“We all agree on the general goals of restraining a fascist authority and changing the constitution,” he says. “Now there’s popular pressure that will make it difficult for a party to announce it is leaving the ranks of the united opposition. It would be political suicide.”

Mihy says that to improve its ability to mobilize voters, the front aims to build a strong, institutionalized mechanism and enhance communication between Cairo and the governorates. The referendum showcased the opposition’s significant weakness outside major urban centers.

He adds that over the last few months, opposition party bases have worked together in the governorates as teams, which they will be resistant to dismantle.

Amid speculation over what form future cooperation between front members will take, Wahid Abdel Meguid, a member of the front’s political bureau, tells Egypt Independent that the front is considering running its members on one list in the upcoming elections.

Abu Taleb says the front’s major task now is to work toward securing at least half the seats in the parliament and then to use those gains to bring down the constitution through legislative means.

“If they run on one list, [opposition parties] will see a strong victory and change the current political landscape, which is dominated by the Brotherhood and the Salafis,” he says.

Abdel Meguid denies rumors that the front will start a new party; however, he says some parties in the front are planning to merge.

Eye on the street

While the front says the upcoming elections are its priority, it also vows to continue working as a revolutionary force in the street.

Leading members of the front have stressed that while it will participate in electoral politics, the front refuses to accept the status quo the ruling Muslim Brotherhood has forced on the country.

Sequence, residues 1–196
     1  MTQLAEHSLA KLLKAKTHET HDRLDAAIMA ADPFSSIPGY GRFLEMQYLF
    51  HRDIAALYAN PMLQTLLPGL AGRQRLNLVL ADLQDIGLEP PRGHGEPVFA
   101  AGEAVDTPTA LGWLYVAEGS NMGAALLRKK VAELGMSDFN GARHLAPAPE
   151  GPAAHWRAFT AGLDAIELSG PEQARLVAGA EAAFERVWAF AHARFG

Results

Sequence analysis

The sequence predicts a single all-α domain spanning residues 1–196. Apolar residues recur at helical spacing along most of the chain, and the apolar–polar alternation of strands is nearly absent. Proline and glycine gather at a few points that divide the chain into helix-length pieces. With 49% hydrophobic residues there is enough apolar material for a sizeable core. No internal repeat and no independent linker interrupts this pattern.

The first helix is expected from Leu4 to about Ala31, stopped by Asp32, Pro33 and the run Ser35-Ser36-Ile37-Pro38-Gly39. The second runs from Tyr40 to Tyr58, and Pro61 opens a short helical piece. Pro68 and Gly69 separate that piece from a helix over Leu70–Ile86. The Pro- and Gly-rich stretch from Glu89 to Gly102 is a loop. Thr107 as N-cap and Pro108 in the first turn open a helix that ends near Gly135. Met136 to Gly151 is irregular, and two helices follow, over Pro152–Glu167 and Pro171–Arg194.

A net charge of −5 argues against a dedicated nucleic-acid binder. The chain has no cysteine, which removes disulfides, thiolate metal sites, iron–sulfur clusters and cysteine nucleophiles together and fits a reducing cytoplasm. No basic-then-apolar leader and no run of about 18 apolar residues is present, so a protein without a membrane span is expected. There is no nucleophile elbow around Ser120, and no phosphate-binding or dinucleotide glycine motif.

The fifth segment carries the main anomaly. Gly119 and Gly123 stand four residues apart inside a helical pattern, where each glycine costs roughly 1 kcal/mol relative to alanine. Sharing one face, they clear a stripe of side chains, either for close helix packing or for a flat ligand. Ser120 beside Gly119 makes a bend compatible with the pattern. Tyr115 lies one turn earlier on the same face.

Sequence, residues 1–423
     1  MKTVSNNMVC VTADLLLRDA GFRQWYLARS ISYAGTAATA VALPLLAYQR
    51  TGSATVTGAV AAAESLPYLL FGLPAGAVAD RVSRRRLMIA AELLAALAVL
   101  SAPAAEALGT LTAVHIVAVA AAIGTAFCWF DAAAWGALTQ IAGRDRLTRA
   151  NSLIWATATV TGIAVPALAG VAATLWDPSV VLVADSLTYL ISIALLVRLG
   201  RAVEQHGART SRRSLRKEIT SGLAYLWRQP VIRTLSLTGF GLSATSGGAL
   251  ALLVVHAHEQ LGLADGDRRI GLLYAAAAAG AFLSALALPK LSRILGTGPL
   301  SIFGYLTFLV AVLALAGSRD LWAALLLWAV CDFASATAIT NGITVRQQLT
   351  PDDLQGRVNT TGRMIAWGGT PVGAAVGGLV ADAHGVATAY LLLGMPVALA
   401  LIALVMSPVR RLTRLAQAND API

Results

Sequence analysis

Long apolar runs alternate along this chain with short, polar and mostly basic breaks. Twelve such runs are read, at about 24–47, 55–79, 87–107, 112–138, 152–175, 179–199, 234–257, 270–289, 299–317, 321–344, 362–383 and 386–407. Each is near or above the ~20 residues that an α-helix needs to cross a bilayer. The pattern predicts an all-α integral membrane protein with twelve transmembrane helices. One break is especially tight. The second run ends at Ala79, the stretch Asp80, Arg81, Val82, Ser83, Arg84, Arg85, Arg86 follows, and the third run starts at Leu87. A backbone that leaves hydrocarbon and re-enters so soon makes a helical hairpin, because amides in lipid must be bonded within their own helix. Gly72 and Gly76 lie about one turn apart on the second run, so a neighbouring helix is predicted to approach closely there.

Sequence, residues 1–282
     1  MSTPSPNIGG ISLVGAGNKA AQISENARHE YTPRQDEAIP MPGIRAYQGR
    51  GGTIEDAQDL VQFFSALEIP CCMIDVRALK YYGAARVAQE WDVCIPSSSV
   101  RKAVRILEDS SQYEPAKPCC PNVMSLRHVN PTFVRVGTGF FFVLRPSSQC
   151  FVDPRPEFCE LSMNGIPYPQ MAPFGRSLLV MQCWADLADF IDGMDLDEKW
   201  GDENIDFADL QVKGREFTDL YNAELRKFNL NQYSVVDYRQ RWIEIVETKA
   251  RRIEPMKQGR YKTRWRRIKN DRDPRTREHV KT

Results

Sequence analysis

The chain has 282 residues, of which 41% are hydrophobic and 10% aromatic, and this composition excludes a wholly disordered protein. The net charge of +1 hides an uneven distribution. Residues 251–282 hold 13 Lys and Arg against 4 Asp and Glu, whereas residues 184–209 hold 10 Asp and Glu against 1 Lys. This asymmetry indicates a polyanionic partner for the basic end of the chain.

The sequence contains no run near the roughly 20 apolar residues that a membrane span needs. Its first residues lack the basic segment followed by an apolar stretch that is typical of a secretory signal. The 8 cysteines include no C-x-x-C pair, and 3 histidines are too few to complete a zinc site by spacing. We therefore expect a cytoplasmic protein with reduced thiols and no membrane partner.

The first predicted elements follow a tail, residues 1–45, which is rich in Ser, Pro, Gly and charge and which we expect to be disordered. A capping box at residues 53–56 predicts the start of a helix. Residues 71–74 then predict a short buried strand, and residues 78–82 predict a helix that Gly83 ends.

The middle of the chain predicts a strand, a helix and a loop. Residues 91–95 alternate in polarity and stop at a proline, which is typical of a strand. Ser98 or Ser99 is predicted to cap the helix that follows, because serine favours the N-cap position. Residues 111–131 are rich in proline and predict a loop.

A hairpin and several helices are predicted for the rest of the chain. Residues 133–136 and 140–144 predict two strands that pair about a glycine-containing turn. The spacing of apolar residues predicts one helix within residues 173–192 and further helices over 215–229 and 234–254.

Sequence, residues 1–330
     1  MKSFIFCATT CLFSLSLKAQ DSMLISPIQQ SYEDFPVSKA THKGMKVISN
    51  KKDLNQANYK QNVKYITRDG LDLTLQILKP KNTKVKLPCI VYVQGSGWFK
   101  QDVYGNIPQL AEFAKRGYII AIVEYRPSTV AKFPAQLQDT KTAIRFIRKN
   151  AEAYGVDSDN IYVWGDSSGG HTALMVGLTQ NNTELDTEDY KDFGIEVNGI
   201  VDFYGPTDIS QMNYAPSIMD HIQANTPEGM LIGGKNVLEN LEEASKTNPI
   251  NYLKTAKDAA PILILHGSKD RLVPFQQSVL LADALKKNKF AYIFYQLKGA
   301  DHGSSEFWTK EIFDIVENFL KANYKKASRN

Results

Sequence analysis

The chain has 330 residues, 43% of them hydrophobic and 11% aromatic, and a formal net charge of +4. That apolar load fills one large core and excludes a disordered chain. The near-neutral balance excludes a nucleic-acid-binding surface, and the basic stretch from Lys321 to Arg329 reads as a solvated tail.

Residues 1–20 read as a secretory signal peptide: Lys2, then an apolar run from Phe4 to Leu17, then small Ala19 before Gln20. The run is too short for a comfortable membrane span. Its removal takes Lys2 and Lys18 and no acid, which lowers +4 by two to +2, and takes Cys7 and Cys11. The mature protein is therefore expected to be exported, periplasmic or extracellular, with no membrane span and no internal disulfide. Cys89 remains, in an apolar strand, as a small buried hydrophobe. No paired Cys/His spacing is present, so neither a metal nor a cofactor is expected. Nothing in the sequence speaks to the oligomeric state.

“We represent a revolutionary opposition and also an institutional opposition that works through the legitimate mechanisms of elections, and when the rights of the people are being violated, we stand with them in the street through protests and sit-ins, which are additional tools of opposition,” says Abdel Meguid.

Many in the leadership value the street movement as the compass of the opposition.

“The most important development in the opposition is that it has learned that it’s not about figures or stars. What determines their success is the amount of work they do in the street,” says Abu Taleb. “Without work on the street, the figures remain leaders without soldiers, and everyone loses.”

Meanwhile, Akram Ismail, a member of the Popular Socialist Alliance who credits the opposition’s organizational development with an increasing ability to mobilize on a street level, is concerned with the movement’s potential.

“The opposition’s political power is capable of creating pressure on the rule of the Brotherhood, but not replacing it,” he says. “They can disrupt a lot of things, but they cannot take initiative.”

“The opposition is not one party with one agenda; it’s a wide alliance that spans from the liberal right to the socialist left,” he says, which can pose a structural impediment to its political ascendancy.

But for him, and at least for now, the opposition’s agenda is not to rule but to pressure the ruling Brotherhood to make compromises that lead to a more democratic state and hinder “their attempt to rebuild dictatorial rule.”

This piece appears in Egypt Independent's weekly print edition.